In 2005, Booz Allen Hamilton, a US defence consultancy, coined an arguably exotic term to describe China's plans to expand its influence in the Indian Ocean region. The 'String of Pearls' strategy revolved around the building of civilian infrastructure in maritime states stretching from the South China Sea up to the Middle East. These 'bases' would eventually be used to house Chinese military assets.
Over the years, China has vehemently denied the existence of the String of Pearls strategy and affirms its intentions are peaceful. However, China's pursuit of the One Belt, One Road initiative to expand trade and transport links with partner nations has not lessened suspicion of Beijing's ambitions. In addition to commerce, China has also been busy as a supplier of increasingly sophisticated naval hardware and technology throughout the Indian Ocean region, including many nations close to India.
In the past one week, two news reports have highlighted China's transition from being a supplier of low-cost, unsophisticated equipment to a provider of sophisticated wares. China's engagement with Thailand and Bangladesh as a supplier of high-end weaponry and associated systems arguably shows its lead over India in winning influence in the region.
Over the past decade, India has increased its engagement with nations in the Indian Ocean region such as the Seychelles, Myanmar and Vietnam. But much more needs to be done if New Delhi has to catch up with Beijing.
On Monday, the Royal Thai Navy signed an agreement with China Shipbuilding Industry Corporation for the supply of a single 'Type-071E' amphibious assault warship.
The contract for the Type-071E ship is valued at approximately $200 million and envisions the construction of the ship in three years. When delivered, the amphibious assault ship will be the largest warship in the Royal Thai Navy, having a displacement of over 20,000 tonnes and a length of about 200 metres.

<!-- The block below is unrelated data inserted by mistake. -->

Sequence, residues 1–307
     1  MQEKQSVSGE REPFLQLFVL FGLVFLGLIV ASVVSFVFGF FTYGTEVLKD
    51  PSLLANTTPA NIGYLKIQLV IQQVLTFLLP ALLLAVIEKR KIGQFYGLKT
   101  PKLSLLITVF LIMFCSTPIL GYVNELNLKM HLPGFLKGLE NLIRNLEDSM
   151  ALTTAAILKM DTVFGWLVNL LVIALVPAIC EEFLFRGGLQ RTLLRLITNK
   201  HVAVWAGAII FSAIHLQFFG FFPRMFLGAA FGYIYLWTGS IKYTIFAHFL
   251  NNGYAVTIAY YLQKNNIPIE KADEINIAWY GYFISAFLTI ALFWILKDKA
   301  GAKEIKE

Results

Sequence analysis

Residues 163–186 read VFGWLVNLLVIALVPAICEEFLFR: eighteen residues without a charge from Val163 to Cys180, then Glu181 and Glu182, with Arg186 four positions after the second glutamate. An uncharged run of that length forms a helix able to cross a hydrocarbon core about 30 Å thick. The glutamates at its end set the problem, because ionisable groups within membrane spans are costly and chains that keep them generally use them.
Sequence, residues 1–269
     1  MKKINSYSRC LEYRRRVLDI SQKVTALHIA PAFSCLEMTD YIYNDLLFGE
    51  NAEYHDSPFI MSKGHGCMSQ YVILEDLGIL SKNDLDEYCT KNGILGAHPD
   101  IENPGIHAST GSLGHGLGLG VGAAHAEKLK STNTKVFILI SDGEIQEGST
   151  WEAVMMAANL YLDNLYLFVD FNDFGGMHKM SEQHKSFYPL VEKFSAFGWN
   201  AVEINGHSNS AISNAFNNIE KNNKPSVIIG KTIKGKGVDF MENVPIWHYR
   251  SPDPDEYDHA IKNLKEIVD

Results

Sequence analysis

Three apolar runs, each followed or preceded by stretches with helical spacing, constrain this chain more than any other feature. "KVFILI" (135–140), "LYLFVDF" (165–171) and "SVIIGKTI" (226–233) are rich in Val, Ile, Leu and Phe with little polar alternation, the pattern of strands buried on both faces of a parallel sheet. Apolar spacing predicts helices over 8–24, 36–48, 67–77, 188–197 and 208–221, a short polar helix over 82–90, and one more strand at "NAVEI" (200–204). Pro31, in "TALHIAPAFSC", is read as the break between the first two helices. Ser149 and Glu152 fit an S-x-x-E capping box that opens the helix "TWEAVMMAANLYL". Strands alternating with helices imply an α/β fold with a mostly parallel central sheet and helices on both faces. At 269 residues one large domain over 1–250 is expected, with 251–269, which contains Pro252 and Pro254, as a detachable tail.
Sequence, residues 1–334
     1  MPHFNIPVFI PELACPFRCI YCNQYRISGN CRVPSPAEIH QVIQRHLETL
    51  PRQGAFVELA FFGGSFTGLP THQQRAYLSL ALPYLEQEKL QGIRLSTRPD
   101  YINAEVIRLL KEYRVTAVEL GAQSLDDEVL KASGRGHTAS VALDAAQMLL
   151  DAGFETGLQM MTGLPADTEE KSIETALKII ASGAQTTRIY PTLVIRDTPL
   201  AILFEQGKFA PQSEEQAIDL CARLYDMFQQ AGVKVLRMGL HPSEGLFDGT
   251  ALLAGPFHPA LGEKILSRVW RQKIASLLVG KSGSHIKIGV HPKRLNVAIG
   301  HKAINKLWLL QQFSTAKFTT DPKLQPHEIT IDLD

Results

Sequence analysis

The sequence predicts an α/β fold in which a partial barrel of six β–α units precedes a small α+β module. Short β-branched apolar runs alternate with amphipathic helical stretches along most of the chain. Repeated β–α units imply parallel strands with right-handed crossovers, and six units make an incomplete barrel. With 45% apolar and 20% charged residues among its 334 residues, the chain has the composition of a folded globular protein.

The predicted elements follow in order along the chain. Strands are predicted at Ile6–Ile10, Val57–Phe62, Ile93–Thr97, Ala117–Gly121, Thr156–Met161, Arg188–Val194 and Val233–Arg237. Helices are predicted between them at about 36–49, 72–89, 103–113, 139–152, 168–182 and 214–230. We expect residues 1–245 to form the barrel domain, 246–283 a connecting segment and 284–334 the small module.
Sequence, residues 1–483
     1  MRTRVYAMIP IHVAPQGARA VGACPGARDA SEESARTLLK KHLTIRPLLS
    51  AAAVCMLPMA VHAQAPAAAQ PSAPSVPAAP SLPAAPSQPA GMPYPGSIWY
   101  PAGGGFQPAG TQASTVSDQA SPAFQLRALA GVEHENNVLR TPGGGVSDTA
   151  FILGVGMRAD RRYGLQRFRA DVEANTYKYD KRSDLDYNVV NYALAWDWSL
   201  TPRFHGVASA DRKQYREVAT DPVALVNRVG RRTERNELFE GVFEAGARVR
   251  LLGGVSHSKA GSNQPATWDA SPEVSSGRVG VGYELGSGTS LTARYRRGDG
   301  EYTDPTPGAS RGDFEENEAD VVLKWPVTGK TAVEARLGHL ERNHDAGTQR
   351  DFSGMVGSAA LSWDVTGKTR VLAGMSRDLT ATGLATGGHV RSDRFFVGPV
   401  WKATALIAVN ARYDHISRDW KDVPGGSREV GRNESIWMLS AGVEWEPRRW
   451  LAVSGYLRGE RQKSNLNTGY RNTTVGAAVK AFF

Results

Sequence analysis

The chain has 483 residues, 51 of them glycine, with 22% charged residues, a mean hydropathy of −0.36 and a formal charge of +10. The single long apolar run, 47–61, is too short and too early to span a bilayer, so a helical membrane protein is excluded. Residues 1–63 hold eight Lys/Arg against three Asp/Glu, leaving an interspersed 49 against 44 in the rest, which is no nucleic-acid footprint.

The Type-071E is based on existing Chinese Navy Type-071 amphibious assault ships and can deploy tanks, troops and helicopters. In addition to offensive roles, an amphibious assault ship like the Type-071E can also be used for humanitarian aid missions in coastal areas in the aftermath of disasters such as tsunamis.
In 2017, the Royal Thai Navy signed a $390 million contract to buy one S-26 conventionally powered submarine from China.
On Thursday, BenarNews, an affiliate of Radio Free Asia, quoted a Bangladeshi official as saying China would help the country build a base for its nascent submarine fleet.
Retired colonel Faruk Khan, a member of Bangladesh's Parliamentary committees on foreign policy and defence, spoke to BenarNews about Chinese assistance for Bangladesh's first submarine base.
Khan claimed the base would be built at Cox's Bazar. In 2016, Bangladesh purchased two used 'Ming' class conventionally powered submarines from China at a cost of about $200 million. The New Age Bangladesh reported in May that construction of the proposed submarine base would cost about $1.2 billion.
In April this year, the Bangladesh Navy took delivery of two Type C13B 'corvettes' from China. Corvettes are small warships, weighing less than 2,000 tonnes, but are capable of carrying missiles, guns and torpedoes. The two vessels for Bangladesh carry anti-ship missiles and a short-range air defence system.
From Malaysia to Pakistan...
Bangladesh and Thailand are not the only countries that have turned to Chinese naval hardware in recent times. In April 2017, Malaysia signed a $286 million contract with a Chinese shipyard to deliver four 700-tonne patrol boats. While Indonesia has had disputes with China on maritime boundaries, these have not stopped Jakarta from buying anti-ship missiles from Beijing.
In July, the Sri Lankan Navy brought home a used Chinese warship meant for patrol and surveillance missions.
However, the largest user of Chinese hardware in India's neighbourhood has been Pakistan. Pakistan has ordered four 'Type-054P' frigates from China. Weighing approximately 4,000 tonnes, these ships will be the most well-armed surface ships in the Pakistan Navy, carrying long-range anti-ship and medium-range air-defence missiles. These ships are due for delivery from 2021.
In 2016, China confirmed a contract to supply eight conventionally powered submarines to Pakistan. The contract, valued at around $5 billion, envisions the supply of four submarines by 2023; another four vessels will be built in Karachi after that.
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Pakistan already operates Chinese-built warships and missiles. China's involvement in the construction of the Gwadar Port in Pakistan's Makran coast continues to raise fears in the US and Delhi that Chinese warships could use the facility in the future.